Where do stars come from? We already know from earlier chapters that stars must die because ultimately they exhaust their nuclear fuel. We might hypothesize that new stars come into existence to replace the ones that die. In order to form new stars, however, we need the raw material to make them. It also turns out that stars eject mass throughout their lives (a kind of wind blows from their surface layers) and that material must go somewhere. What does this “raw material” of stars look like? How would you detect it, especially if it is not yet in the form of stars and cannot generate its own energy?
One of the most exciting discoveries of twentieth-century astronomy was that our Galaxy contains vast quantities of this “raw material”—atoms or molecules of gas and tiny solid dust particles found between the stars. Studying this diffuse matter between the stars helps us understand how new stars form and gives us important clues about our own origins billions of years ago.
- 20.1: The Interstellar Medium
- About 15% of the visible matter in the Galaxy is in the form of gas and dust, serving as the raw material for new stars. About 99% of this interstellar matter is in the form of gas—individual atoms or molecules. The most abundant elements in the interstellar gas are hydrogen and helium. About 1% of the interstellar matter is in the form of solid interstellar dust grains.
- 20.2: Interstellar Gas
- Interstellar gas may be hot or cold. Gas found near hot stars emits light by fluorescence, that is, light is emitted when an electron is captured by an ion and cascades down to lower-energy levels. Most hydrogen in interstellar space is not ionized and can best be studied by radio measurements of the 21-centimeter line. Some of the gas in interstellar space is at a temperature of a million degrees, even though it is far away in hot stars.
- 20.3: Cosmic Dust
- Interstellar dust can be detected: (1) when it blocks the light of stars behind it, (2) when it scatters the light from nearby stars, and (3) because it makes distant stars look both redder and fainter. These effects are called reddening and interstellar extinction, respectively. Dust can also be detected in the infrared because it emits heat radiation. Dust is found throughout the plane of the Milky Way.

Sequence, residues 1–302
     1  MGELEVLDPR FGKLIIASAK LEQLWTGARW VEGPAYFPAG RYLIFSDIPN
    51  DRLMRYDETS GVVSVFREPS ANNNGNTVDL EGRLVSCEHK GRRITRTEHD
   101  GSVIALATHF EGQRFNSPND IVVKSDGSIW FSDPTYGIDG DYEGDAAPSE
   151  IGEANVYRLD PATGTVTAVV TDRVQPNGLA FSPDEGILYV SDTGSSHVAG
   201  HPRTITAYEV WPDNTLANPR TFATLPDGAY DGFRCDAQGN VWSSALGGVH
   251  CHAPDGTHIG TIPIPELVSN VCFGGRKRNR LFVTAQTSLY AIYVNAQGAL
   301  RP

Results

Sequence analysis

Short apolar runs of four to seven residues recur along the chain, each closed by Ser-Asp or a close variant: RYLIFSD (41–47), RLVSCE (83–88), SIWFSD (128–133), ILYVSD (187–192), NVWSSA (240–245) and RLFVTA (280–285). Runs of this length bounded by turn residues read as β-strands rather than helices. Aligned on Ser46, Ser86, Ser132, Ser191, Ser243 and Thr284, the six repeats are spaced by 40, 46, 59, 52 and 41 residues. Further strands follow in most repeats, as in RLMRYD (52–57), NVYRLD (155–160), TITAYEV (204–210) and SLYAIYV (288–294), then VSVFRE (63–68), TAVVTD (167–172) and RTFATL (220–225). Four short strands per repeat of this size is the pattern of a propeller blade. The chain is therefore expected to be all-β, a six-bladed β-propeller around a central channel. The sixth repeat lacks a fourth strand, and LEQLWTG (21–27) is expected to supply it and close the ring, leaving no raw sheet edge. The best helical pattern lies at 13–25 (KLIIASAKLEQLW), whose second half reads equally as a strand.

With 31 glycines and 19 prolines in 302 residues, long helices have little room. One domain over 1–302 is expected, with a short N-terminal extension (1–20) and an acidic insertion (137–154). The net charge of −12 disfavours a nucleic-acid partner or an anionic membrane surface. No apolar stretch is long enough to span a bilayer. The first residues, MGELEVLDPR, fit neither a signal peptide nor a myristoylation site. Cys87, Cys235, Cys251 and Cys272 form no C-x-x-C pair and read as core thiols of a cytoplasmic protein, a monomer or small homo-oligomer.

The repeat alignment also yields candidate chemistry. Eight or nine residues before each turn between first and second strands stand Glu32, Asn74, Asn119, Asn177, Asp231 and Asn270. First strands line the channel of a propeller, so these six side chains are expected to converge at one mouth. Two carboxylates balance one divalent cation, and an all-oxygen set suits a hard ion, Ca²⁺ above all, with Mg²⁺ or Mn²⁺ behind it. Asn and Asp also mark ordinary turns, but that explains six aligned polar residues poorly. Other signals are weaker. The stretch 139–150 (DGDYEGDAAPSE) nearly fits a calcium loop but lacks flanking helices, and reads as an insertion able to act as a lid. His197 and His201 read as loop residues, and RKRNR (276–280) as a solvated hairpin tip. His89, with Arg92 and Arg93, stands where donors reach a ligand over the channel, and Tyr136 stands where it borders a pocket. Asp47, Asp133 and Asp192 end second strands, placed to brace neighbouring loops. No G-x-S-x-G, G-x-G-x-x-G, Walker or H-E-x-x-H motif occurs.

- 20.4: Cosmic Rays
- Cosmic rays are particles that travel through interstellar space at a typical speed of 90% of the speed of light. The most abundant elements in cosmic rays are the nuclei of hydrogen and helium, but electrons and positrons are also found. It is likely that many cosmic rays are produced in supernova shocks.
- 20.5: The Life Cycle of Cosmic Material
- Interstellar matter is constantly flowing through the Galaxy and changing from one phase to another. At the same time, gas is constantly being added to the Galaxy by accretion from extragalactic space, while mass is removed from the interstellar medium by being locked in stars. Some of the mass in stars is, in turn, returned to the interstellar medium when those stars evolve and die.
- 20.6: Interstellar Matter around the Sun
- The Sun is located at the edge of a low-density cloud called the Local Fluff. The Sun and this cloud are located within the Local Bubble, a region extending to at least 300 light-years from the Sun, within which the density of interstellar material is extremely low. Astronomers think this bubble was blown by some nearby stars that experienced a strong wind and some supernova explosions.
Thumbnail: This image, taken by the Hubble Space Telescope, shows the young star cluster NGC 3603 interacting with the cloud of gas from which it recently formed. The bright blue stars of the cluster have blown a bubble in the gas cloud. The remains of this cloud can be seen in the lower right part of the frame, glowing in response to the starlight illuminating it. In its darker parts, shielded from the harsh light of NGC 3603, new stars continue to form. Although the stars of NGC 3603 formed only recently, the most massive of them are already dying and ejecting their mass, producing the blue ring and streak features visible in the upper left part of the image. Thus, this image shows the full life cycle of stars, from formation out of interstellar gas, through life on the main sequence, to death and the return of stellar matter to interstellar space. (credit: modification of work by NASA, Wolfgang Brandner (JPL/IPAC), Eva K. Grebel (University of Washington), You-Hua Chu (University of Illinois Urbana-Champaign))
Contributors and Attributions
Andrew Fraknoi (Foothill College), David Morrison (NASA Ames Research Center), Sidney C. Wolff (National Optical Astronomy Observatory) with many contributing authors. Textbook content produced by OpenStax College is licensed under a Creative Commons Attribution License 4.0 license. Download for free at https://openstax.org/details/books/astronomy).